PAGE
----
Tuesday, August 26, 2008

Wild Plum Adze

DIY Adze
Here is an adze I cobbled together recently. The blade is a copy of an 18th century British Light Infantry tomahawk. The handle is a Wild plum (Prunus americana) branch that I had to trim from over a trail. I lashed the head on using a nylon cord, but rawhide would have worked better. For being an improvised tool I was impressed with how well it worked.
I was inspired by the journals of Lewis & Clark becase they mentioned that they made most of the tool handels they needed on thier journey to the Pacific from Choke cherry (Prunus virginiana) trees that grew along the Missouri River.

Tuesday, August 19, 2008

Roycroft Packframe

This is Roycroft packframe that I made for a recent class. The frame itself is made from Gray dogwood and is lashed together with jute twine. The shoulder straps are bandanas. (I usually carry at least four bandanas with me because they have so many uses.) I have often used packframes for backpacking, and for hauling trail building materials over the years and I have always been impressed by what a person can carry with a good frame.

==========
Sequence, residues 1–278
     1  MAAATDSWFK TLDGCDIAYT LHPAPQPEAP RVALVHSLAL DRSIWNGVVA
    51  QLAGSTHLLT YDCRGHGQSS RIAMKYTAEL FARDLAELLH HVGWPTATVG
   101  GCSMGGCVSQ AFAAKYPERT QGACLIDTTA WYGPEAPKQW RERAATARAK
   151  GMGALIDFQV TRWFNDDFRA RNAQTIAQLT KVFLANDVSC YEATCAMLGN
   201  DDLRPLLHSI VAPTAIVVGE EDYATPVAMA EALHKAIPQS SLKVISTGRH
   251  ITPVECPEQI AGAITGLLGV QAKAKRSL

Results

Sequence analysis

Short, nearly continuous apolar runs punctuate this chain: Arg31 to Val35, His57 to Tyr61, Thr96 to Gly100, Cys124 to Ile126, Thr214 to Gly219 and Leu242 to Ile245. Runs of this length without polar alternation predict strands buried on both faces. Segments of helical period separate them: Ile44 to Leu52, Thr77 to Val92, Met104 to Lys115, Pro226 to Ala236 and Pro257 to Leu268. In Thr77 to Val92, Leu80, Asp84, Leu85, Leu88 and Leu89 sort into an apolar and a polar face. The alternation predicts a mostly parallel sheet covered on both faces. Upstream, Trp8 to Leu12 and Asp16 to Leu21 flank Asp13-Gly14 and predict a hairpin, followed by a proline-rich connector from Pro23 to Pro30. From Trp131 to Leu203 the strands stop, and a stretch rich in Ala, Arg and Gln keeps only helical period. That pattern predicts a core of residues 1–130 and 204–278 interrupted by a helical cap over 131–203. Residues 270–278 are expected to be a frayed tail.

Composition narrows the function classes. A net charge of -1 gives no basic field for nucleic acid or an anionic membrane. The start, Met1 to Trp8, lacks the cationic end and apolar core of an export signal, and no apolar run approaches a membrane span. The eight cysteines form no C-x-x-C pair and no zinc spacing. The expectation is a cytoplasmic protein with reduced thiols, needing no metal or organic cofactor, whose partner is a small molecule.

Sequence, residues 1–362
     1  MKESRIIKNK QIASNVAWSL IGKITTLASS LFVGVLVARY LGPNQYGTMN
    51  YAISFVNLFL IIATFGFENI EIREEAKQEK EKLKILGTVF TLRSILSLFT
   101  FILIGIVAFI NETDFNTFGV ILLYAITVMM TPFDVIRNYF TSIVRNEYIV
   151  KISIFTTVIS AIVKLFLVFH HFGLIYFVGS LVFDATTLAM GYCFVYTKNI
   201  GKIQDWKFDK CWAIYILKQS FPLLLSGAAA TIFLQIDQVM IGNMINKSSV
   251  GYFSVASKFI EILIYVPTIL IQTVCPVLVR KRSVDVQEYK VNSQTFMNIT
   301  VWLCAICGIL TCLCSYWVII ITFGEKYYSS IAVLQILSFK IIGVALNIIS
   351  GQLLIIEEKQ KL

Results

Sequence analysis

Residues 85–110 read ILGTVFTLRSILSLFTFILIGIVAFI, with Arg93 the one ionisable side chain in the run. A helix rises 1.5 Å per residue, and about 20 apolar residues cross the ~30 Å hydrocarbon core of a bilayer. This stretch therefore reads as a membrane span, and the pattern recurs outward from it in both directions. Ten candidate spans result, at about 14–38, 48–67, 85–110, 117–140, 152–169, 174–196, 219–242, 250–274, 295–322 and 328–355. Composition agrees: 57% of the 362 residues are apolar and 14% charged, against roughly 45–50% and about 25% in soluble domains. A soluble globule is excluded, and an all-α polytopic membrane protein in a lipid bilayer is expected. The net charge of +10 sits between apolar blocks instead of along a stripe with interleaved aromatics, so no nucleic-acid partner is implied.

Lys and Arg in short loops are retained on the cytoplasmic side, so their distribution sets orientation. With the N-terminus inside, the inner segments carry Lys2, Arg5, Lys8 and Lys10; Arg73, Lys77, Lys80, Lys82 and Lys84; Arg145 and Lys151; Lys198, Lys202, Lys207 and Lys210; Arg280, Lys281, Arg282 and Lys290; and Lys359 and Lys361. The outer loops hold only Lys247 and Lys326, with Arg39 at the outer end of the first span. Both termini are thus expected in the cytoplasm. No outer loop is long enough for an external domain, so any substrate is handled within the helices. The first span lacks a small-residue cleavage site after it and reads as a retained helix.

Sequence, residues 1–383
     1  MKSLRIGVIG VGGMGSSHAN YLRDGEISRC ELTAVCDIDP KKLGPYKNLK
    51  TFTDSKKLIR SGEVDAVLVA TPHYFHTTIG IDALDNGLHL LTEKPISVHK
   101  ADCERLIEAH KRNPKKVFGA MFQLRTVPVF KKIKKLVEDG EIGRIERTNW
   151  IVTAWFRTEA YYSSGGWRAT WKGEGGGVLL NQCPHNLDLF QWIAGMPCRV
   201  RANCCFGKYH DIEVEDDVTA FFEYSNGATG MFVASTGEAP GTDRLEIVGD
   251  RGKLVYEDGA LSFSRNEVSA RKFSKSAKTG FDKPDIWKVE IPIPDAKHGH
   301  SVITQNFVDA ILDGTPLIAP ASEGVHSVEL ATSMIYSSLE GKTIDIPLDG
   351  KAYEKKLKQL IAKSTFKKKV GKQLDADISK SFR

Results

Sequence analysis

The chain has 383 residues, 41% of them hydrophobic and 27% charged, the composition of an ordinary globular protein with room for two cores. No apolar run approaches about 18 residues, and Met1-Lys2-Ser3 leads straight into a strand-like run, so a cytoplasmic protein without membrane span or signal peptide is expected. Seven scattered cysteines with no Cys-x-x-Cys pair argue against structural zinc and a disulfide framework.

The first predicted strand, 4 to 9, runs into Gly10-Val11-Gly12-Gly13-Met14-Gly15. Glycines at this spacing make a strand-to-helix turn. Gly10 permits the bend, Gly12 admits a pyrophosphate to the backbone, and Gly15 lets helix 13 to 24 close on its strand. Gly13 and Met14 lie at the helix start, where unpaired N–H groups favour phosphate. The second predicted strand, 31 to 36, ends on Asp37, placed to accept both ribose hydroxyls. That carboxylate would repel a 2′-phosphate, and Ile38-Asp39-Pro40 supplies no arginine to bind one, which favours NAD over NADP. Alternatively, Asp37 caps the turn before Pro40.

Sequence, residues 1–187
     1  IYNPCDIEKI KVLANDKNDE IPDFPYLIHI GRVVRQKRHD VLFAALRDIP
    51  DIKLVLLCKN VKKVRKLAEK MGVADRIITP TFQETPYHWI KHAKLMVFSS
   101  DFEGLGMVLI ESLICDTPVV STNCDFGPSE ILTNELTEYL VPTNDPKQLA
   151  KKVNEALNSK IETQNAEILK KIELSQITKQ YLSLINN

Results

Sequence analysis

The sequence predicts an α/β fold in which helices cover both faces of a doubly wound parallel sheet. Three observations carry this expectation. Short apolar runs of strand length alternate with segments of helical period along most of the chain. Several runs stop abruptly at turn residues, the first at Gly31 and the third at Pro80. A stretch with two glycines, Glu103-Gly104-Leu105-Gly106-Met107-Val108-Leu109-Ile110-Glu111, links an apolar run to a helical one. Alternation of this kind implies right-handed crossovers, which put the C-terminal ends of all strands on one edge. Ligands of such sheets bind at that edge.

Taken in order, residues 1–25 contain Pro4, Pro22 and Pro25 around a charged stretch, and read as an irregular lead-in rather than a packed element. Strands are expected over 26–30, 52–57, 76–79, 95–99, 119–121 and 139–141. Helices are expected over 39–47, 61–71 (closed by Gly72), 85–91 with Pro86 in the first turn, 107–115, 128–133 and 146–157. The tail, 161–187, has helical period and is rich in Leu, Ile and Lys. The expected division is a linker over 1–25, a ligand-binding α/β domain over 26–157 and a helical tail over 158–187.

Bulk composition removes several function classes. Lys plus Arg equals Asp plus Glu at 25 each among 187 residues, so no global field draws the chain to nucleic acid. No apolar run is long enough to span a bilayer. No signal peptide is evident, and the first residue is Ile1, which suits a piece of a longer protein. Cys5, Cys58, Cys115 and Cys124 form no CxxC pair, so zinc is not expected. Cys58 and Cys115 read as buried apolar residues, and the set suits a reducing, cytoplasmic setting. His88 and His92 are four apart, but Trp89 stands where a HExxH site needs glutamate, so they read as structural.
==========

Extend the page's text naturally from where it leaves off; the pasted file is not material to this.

Attached to the frame in the pictures is my poncho, a wool blanket, and three pairs of wool socks. The space above the poncho is where I lash my shoulder bag that I use as a day pack.

Tuesday, August 12, 2008

Buck Saw

This is a bucksaw that I put together recently for a improvised equipment class I taught. I had never mad one before this and it worked REALLY well! I tested it out by felling a 6" diameter Ironwood tree/Eastern hophornbeam (Ostrya virginiana) and it worked as well as a store bought model.

The uprights and cross braces are made from Gray dogwoods (Cornus racemosa) . The blade is from a local hardware store and it set me back $2.99. The turnbuckle at the top is jute twine wrapped six times before it was twisted.

Tuesday, August 5, 2008

More Green Woodworking

I was given a Frost spoon knife for Fathers Day. Prior to getting a real spoon knife I had been using a hoof knife usually used to clean horse hooves. The kuksa, bowl, and spoon pictured hear were carved using the hoof knife. The ladel was carved using my new spoon knife.




Ladel top

Ladel side

I still carry the hoof knife in the field because it packs better than the spoon knife, but the spoon knife make the finishing work much smoother. Stay tuned for some more DIY projects!